Incident investigations, including a thorough root cause analysis, should be happening after any injury, property damage event, or near miss happens on the job. Following the investigation, appropriate corrective actions can be implemented to prevent future incidents.
The term accident often used when referring to an unplanned, unwanted event. However, accident suggests an event that was random, and could not have been prevented. Since nearly all worksite fatalities, injuries, and illnesses are preventable, the term incident is more applicable in most of these unfortunate situations.
Investigating a worksite incident, which may be a fatality, an injury, an illness, property damage, or a close call, provides employers and workers the opportunity to identify hazards in their operations and shortcomings in their safety and health programs. Most importantly, it enables employers and workers to identify and implement the corrective and preventative actions necessary to prevent future incidents.
Incident investigations that focus on identifying and correcting root causes, not on finding fault or blame, also improve workplace morale and increase productivity, by demonstrating an employer's commitment to a safe and healthful workplace.
Incident investigations are often conducted by a supervisor, but to be most effective, these investigations should include managers and employees working together, since each bring different knowledge, understanding, and perspectives to the investigation.
In conducting an incident investigation, the team must look beyond the immediate causes of an incident. It is far too easy, and often misleading, to conclude that carelessness or failure to follow a procedure was the main cause of an incident. When the incident investigation fails to uncover the root cause(s) of the incident then the organization will fail to identify the systemic changes and measures that are needed to prevent future incidents.
Remember – before an incident investigation begins, all emergency response actions need to be completed and the incident site must be safe and secure for entry and investigation.
OSHA recommends a four-step systems approach to incident investigations.
Step 1 – Preserve and Document the Scene
Preserve the integrity of incident location and prevent material evidence from being removed or altered. Use cones, tape, or other means of guarding to prevent unauthorized entry.
Step 2 – Collect Information
Information about what happened before and during the incident can be collected through visual observation of the location, interviews, and document review efforts.
Step 3 – Determine Root Causes
There is often more than one root cause that can be uncovered during any incident investigation, and finding these root causes requires a deep evaluation of the incident.
Step 4 – Implement Corrective and Preventative Actions
Steps taken after an incident to prevent future similar incidents, should be implemented in such a way that specifically addresses the root cause(s) found during the investigation.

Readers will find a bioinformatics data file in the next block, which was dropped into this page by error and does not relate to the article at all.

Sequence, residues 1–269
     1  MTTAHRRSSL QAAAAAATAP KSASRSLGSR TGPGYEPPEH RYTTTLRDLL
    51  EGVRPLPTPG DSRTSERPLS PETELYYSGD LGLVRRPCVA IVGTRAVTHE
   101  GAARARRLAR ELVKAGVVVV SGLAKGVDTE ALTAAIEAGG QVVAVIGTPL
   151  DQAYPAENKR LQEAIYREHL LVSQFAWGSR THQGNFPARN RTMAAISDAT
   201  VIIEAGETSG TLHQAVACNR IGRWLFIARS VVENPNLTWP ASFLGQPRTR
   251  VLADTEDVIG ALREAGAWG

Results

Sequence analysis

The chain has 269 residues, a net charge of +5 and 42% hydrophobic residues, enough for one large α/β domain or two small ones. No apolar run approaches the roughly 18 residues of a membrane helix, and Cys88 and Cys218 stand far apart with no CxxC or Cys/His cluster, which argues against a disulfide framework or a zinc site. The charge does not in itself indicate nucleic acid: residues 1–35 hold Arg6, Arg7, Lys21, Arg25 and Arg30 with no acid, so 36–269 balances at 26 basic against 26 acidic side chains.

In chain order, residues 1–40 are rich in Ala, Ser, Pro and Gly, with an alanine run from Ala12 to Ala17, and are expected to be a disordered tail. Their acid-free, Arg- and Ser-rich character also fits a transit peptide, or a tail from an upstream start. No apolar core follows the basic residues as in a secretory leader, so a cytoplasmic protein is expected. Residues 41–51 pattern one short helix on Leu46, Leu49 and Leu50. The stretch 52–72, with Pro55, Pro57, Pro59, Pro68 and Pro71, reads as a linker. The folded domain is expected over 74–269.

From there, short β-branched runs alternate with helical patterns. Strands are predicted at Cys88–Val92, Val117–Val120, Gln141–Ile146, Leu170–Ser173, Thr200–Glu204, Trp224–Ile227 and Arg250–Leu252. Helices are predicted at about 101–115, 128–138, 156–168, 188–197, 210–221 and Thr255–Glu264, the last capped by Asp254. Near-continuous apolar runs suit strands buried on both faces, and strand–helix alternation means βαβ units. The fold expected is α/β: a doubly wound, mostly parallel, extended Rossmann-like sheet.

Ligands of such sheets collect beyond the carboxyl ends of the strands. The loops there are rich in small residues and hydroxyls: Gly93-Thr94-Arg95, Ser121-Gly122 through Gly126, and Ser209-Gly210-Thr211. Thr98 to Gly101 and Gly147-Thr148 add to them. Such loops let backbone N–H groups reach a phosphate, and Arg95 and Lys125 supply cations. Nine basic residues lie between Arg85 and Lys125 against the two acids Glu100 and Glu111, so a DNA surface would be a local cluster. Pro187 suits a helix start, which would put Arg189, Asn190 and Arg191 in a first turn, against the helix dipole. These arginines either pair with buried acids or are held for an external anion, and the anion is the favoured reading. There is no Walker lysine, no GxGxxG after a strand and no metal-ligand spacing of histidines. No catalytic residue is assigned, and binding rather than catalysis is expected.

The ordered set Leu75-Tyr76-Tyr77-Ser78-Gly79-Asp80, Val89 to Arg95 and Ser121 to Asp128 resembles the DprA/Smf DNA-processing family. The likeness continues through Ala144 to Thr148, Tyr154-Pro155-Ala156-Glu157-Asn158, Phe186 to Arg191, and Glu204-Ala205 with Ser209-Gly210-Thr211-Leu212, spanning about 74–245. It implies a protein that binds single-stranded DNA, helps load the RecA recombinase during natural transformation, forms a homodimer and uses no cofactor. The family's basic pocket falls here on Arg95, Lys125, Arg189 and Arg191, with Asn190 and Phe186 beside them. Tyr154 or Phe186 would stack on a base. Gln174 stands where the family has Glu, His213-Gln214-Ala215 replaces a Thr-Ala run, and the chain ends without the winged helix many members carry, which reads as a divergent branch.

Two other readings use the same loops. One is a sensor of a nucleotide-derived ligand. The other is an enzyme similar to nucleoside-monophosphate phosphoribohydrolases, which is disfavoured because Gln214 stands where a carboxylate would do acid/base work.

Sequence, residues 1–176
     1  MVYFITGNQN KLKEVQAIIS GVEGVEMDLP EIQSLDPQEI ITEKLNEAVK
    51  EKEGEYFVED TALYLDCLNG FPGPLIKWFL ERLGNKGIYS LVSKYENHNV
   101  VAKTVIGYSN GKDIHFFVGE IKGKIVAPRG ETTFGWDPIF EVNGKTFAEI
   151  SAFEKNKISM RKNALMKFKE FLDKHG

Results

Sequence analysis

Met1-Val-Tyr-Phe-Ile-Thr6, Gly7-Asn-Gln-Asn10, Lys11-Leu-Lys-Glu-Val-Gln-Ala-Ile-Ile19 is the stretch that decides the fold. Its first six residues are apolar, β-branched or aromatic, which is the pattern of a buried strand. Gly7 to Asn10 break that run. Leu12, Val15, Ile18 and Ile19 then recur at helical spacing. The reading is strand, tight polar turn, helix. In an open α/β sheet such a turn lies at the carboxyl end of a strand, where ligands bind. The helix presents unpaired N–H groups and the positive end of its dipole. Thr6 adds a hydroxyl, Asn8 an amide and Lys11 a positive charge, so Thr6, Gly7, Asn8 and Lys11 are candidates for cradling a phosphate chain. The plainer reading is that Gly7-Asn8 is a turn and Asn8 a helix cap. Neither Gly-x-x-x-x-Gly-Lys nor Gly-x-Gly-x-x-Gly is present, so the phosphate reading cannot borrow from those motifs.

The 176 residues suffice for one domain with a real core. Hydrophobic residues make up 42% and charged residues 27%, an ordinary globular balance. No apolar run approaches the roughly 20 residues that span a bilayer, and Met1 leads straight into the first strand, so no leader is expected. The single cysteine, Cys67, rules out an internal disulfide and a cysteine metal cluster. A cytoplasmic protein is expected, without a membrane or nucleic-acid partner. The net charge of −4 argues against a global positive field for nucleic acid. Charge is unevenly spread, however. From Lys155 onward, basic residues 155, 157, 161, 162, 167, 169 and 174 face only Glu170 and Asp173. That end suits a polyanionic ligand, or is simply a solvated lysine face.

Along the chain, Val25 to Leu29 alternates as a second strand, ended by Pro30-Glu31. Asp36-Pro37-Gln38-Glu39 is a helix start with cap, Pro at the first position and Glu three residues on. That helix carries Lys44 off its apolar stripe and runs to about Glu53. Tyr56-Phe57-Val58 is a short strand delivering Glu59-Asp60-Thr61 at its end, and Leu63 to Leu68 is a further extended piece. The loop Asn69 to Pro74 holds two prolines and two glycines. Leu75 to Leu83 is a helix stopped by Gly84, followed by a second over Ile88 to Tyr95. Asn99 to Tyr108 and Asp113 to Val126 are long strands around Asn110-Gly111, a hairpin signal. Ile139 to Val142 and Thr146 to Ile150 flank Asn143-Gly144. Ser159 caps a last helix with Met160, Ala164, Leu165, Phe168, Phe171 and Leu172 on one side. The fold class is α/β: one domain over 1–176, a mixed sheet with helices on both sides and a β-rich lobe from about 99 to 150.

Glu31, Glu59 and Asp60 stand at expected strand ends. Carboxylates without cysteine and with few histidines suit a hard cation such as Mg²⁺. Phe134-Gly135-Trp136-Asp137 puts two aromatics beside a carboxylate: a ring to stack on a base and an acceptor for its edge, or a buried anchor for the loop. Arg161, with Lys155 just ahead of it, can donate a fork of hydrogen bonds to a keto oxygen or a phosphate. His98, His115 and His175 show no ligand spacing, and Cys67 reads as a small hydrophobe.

When a program weakness is identified during an incident investigation, it is important to ask why it existed and why it was not previously addressed.
- If a step in the standard operating procedure was skipped, why was the procedure not followed exactly?
- Did production pressures play a role, and, if so, why were production pressures permitted to jeopardize safety?
- Was the procedure out-of-date or safety training inadequate? If so, why had the problem not been previously identified, or, if it had been identified, why had it not been addressed?
These examples illustrate that it is essential to discover and correct all the factors contributing to an incident, which nearly always involve equipment, procedural, training, and some other safety program deficiency. Simply placing blame on the employee, indicating that they made a mistake, or failed to follow the procedure, is not acceptable during an incident investigation.
A successful root cause analysis identifies all root causes—there are often more than one.
For simpler incidents, brainstorming and checklists may be sufficient to identify the root cause(s). For more complicated incidents, logic/event trees should also be considered. Timelines, sequence diagrams, and causal factor identification can also be useful tools.
Regardless of the tools used, the investigation should be seeking to answer these four important questions:
- What happened?
- How did it happen?
- Why did it happen?
- What needs to be corrected so it doesn’t happen again?
Addressing underlying or root causes is necessary to truly understand why an incident occurred, to develop truly effective corrective and preventative actions, and to minimize or eliminate serious consequences from similar future incidents.
To assist employers and workers in conducting effective incident investigations, and to develop corrective action plans, the following resources can help:
OSHA Fact Sheet: The Importance of Root Cause Analysis During Incident Investigation
OSHA Incident Investigations: A Guide for Employers
NSC How to Conduct an Incident Investigation
Washington State Department of Labor & Industries Accident Investigation Basics PowerPoint Presentation